Date fun

  • Steve Jones - SSC Editor

    SSC Guru

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    Comments posted to this topic are about the item Date fun

  • Stewart "Arturius" Campbell

    SSC Guru

    Points: 71907

    Nice question, thanks Steve, have used similar methods to calculate e.g. first and last days of the month, etc

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  • Carlo Romagnano

    SSC-Insane

    Points: 22008

    Ahahaha, good fun!

  • HappyGeek

    SSCoach

    Points: 18684

    Nice one thanks Steve.

    ...

  • Nick Ryan

    SSCrazy

    Points: 2237

    Ouch my head. I really, really hate the date hacks that are required in MS-SQL for otherwise relatively simple (in concept) date manipulations. I do have cause to use quite a few of them though...

  • allinadazework

    SSCarpal Tunnel

    Points: 4365

    Nice question, thanks.

  • sipas

    Hall of Fame

    Points: 3284

    American dates are weird.

  • Luis Cazares

    SSC Guru

    Points: 183637

    sipas - Tuesday, October 3, 2017 5:51 AM

    American dates are weird.

    American dates?

    Luis C.
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  • sipas

    Hall of Fame

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    Luis Cazares - Tuesday, October 3, 2017 5:58 AM

    sipas - Tuesday, October 3, 2017 5:51 AM

    American dates are weird.

    American dates?

    UK dates are ddmmyyyy (or yyyymmdd) as opposed to mmddyyyy (or yyyyddmm).
    This makes it easy (for example) to sort dated files in order by using the file name if it has a yyyymmdd suffix.
    NB For the avoidance of doubt, it wasn't a serious comment, I'm sure everyone else thinks UK dates are weird.

  • Nick Ryan

    SSCrazy

    Points: 2237

    Interesting comments about dates... although if you think about it - all dates are weird.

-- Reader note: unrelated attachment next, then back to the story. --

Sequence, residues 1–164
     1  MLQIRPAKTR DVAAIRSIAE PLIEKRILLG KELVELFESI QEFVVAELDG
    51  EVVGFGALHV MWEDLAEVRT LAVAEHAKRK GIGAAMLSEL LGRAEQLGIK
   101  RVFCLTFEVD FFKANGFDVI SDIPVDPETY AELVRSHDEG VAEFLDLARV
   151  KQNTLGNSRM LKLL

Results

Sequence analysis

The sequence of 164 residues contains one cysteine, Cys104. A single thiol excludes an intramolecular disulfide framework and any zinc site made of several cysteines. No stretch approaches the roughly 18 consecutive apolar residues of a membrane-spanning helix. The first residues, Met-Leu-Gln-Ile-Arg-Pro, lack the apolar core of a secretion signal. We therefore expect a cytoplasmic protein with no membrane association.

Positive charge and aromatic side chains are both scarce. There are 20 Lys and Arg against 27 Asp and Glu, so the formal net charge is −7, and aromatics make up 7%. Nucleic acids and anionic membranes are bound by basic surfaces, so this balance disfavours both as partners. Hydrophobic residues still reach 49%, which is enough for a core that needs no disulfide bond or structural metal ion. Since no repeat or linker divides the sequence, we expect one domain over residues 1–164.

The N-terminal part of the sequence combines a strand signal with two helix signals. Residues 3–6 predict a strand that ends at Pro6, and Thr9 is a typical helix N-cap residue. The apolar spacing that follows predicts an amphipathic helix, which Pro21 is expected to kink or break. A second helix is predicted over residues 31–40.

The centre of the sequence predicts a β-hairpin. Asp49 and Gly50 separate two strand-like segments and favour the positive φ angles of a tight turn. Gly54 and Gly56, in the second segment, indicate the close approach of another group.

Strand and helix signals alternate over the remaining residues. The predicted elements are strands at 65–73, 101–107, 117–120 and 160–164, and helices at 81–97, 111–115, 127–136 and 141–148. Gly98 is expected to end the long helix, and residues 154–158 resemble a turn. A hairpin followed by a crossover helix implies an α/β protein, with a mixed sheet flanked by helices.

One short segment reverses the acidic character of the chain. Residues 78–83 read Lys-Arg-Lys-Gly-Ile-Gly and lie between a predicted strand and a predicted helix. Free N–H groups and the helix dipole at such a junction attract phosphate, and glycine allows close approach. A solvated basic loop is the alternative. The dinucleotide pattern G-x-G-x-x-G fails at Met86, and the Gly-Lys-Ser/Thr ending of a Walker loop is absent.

What is important to consider though is that for an international website it is important to always represent dates in a commonly understood and interpreted format. In this case the ISO date format is correct and this is what was shown in the example. If the example used the US (or any other regional specific date format) then it would be incorrect. MS-SQL has clearly defined ways of interpreting dates that are presented in ISO format and dates that are not presented in an ISO format will be handled at the whim of whatever local date format is in operation at the time and this may not be, and often is not, what is expected. Consider 3/11 or 11/3 - is this the 3rd day of the 11th month or the 11th day of the 3rd month?

    The issue with US format dates is that the day and month are swapped compared to much of the rest of the world. While neither technically correct or incorrect (actually, dammit, I'm from the UK: it is incorrect and please drive on the correct side of the road as well.. πŸ˜‰ ) it is interesting in that it often matches how we speak a date rather than how we write a date: do you say "the 1st of March" or "March the 1st" (technically "March, the 1st")? Neither is more wrong or right than the other.